One of the key development targets we’ve set when we started our initial research efforts on Voice-O-Matic back in 2002 was to be able to fit almost any type of character setup and to not be limited to a specific language, nor a specific amount of mouth positions. As every character is unique, we wanted Voice-O-Matic to be able to work with virtually any characters in any languages. We didn’t want specific requirements for a character to work with Voice-O-Matic.

How has it developed over the time you've been producing it?

We started developing Voice-O-Matic in 2002; we released the first version back in 2003 -- since then we have never stopped improving the tool.

How have you acted on feedback to improve Voice-O-Matic?

Acting on customer feedback is at the core of the development effort of Di-O-Matic. After releasing the first version of Voice-O-Matic in May 2003, we have received many feedback and requests from our clients to improve the lip-sync quality as well the setup approach of the characters to animate. These changes were successfully completed in V2 amongst significant other improvements. In order to push the limit of automated lip-sync to accommodate game developers, we also have released 2 other additional 3ds max plug-ins: Pose-O-Matic and vomBatch both extend what Voice-O-Matic offers.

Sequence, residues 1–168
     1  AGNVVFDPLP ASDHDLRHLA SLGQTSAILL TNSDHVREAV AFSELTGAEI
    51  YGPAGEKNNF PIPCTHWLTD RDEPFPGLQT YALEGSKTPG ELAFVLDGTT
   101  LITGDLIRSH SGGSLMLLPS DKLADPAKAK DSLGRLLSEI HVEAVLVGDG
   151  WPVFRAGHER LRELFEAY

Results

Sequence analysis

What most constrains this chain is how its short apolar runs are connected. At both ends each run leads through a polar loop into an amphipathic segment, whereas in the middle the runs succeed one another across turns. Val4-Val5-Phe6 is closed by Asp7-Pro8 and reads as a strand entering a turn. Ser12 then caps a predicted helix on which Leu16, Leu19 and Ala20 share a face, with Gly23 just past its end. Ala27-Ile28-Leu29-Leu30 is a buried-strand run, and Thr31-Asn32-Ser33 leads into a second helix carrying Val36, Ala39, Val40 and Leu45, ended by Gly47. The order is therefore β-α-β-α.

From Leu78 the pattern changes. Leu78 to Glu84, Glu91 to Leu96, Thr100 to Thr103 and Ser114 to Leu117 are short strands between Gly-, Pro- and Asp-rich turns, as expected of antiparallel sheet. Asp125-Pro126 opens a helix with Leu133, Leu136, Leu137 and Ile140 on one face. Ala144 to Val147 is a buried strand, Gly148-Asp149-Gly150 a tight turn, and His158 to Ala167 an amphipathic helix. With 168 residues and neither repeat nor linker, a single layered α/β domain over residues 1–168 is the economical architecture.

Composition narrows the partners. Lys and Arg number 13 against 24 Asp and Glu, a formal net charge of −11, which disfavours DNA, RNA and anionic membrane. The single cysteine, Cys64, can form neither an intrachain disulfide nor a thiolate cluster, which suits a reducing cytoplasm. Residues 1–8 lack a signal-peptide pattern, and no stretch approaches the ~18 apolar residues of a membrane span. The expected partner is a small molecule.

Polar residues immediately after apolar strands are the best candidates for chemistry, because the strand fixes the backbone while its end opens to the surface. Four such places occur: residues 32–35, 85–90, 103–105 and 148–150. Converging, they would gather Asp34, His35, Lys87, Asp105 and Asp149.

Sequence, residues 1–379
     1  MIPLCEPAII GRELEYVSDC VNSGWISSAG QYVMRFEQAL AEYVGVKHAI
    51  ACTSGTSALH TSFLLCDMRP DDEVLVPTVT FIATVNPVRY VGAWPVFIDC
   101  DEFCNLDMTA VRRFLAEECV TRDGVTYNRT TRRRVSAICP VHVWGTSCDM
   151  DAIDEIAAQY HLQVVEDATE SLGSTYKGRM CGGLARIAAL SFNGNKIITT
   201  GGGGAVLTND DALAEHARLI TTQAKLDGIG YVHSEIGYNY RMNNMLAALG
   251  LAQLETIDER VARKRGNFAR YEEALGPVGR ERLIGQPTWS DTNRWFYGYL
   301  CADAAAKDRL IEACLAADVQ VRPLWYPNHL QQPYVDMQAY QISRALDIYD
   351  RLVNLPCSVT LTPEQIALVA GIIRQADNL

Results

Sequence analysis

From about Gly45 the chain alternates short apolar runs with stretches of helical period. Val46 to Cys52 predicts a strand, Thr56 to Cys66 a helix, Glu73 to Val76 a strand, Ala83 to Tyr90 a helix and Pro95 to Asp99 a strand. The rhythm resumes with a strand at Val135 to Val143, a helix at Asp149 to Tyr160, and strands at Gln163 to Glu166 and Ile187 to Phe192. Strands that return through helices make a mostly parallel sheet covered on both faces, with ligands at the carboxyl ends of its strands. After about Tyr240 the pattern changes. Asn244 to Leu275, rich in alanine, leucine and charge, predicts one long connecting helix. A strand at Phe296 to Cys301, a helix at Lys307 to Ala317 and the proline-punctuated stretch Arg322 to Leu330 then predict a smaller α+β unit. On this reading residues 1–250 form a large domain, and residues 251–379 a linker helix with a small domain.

Pose-O-Matic allows one to rig a complex bones-based facial setup through a slider-based interface, allowing animators to animate using either animation slider or directly manipulating the bones in 3D space. The key advantage is that Pose-O-Matic allows facial bones-based setup, which are generally preferred by game developers due to game engine requirements, to work perfectly with Voice-O-Matic allowing automatic lipsync to work on much more complex rigs than regular morph targets and to be fully exportable to a game engine.

vomBatch allows batch processing in Voice-O-Matic. Once you have a character already set up with Voice-O-Matic, you can actually batch process 1000s of audio files automatically with vomBatch. We have several games customers who actually created lip-sync animations for several characters using this method, for several languages, with minimal user input once the character was properly set up, exporting it directly to their game engine.

How does the product work on a technical level?